By Jeeni Criscenzo
At the tail end of CBS This Morning this Wednesday, was a brief interview with Monsanto’s CEO, Hugh Grant (not the movie star), on the debate over GMO labeling. He tried to come off as a soft-spoken, reasonable man, describing his company as “…an agricultural company. We sell seeds to farmers and those farmers make harvests and those harvest end up on plates around the world.”
Cool. The man running the company that is poisoning our planet and our population is just so damn nice, what with putting all that poison (err food) on our plates!
What if we don’t want his poison? Nice Mr. Grant wants to cram it down your throat. His nice agricultural company spent over $4 million killing a GMO labeling initiative in Colorado. They spent $6 million stopping a similar effort in Oregon.
In California, Monsanto spent $8 million to defeat Prop 37 in 2012, that would have mandated labeling of genetically engineered food. In September 2012, prior to a $45 million onslaught of distorted, misleading advertising, polls showed 61% of voters in favor of the measure. The proposition lost by less than 3%.
You’d think the CEO of Monsanto would have a very strong rationale for spending huge sums of shareholders’ money on blocking passage of a regulation that 66% of Americans support. When Charlie Rose asked if he is in favor of mandatory labeling, his response was:
I’m for some sort of federal standard, I think a broad umbrella on labeling that’s based on science and based on fact, I’d welcome. My concern, Charlie, is that, I want the labeling to be, so far the labeling has been state by state and different labels in different states, and that results in confusion instead of transparency and it results in more expense and so if there was an overall standard, kind of like the organic, if you look today at the organic food standard, something like that, I’d be in favor of.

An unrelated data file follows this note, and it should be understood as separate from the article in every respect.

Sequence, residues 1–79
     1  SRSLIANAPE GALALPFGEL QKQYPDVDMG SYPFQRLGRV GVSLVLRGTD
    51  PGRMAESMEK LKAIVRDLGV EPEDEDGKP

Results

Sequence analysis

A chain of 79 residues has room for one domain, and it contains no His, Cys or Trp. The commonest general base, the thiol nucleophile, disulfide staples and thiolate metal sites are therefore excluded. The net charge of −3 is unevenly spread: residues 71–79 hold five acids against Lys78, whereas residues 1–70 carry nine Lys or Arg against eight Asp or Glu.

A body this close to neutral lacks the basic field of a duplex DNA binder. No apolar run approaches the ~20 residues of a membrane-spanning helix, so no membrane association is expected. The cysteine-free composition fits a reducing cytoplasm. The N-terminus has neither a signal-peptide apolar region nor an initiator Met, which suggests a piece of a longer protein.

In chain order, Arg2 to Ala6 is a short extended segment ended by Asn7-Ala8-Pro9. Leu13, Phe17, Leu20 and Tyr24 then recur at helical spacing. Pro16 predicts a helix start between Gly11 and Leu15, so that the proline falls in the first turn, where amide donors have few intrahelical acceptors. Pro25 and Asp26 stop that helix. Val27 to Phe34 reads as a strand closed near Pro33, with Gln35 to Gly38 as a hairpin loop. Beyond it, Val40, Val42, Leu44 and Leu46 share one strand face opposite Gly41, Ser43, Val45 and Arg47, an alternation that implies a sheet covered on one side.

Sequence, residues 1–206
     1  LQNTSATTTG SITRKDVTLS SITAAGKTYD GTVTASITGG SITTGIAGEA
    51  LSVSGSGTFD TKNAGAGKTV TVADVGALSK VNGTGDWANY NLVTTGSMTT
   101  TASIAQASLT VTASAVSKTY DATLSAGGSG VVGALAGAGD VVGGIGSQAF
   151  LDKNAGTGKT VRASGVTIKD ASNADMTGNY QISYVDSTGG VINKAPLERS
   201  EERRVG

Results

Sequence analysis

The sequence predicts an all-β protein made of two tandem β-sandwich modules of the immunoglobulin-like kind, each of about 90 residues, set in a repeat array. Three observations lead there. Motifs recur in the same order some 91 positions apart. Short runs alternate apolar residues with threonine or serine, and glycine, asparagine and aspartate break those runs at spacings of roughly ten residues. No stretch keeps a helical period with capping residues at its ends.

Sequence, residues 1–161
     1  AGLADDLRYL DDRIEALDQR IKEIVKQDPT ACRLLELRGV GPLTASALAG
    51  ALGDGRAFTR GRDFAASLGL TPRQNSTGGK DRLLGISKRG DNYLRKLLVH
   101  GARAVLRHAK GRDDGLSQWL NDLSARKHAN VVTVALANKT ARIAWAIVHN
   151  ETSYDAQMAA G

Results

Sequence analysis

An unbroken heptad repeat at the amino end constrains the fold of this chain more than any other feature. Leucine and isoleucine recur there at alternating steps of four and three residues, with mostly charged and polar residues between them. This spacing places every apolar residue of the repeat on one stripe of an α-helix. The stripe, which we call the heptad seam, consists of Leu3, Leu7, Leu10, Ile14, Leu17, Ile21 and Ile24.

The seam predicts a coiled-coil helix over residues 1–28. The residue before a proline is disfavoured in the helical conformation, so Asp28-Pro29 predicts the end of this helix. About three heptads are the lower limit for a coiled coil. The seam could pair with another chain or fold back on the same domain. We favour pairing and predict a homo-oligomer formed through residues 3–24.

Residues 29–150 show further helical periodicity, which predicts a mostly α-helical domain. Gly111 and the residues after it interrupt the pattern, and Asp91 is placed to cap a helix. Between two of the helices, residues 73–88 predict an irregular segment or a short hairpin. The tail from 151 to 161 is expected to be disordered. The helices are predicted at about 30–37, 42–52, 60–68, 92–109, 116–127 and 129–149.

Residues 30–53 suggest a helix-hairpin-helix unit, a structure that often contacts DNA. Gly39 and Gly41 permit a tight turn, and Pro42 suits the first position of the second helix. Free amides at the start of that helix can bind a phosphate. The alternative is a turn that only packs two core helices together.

Despite the enormous resources companies like Monsanto have put on the suppression of information that proves there is good cause for consumers to be concerned, a recent Pew Research Survey found that 57% of Americans consider GMOs unsafe. And the science continues to support their concerns.
In 2012, a study by French Professor Gilles-Eric Séralini, originally published in the peer reviewed, Food and Chemical Toxicology, found sever liver and kidney damage and hormonal disturbances in rats fed GM maize and levels of Roundup below those permitted in drinking water in the EU. The study was retracted a year later following a defamation campaign by pro-GMO scientists, but republished in Environmental Sciences Europe in 2014 with the same conclusions.
Now the fraud behind the retraction has been revealed. During a recent trial in a Paris Court, that fined Marianne magazine and its journalists for public defamation of a public official and public defamation of the researchers – Séralini and his team, it was revealed that the original author of the fraud accusation was American lobbyist, Henry I. Miller – the same lobbyist who tried to discredit research linking tobacco to cancer and heart disease. Somebody needs to do a study on this rat, locked in a cell with nothing but cigarettes and genetically modified food, until he croaks.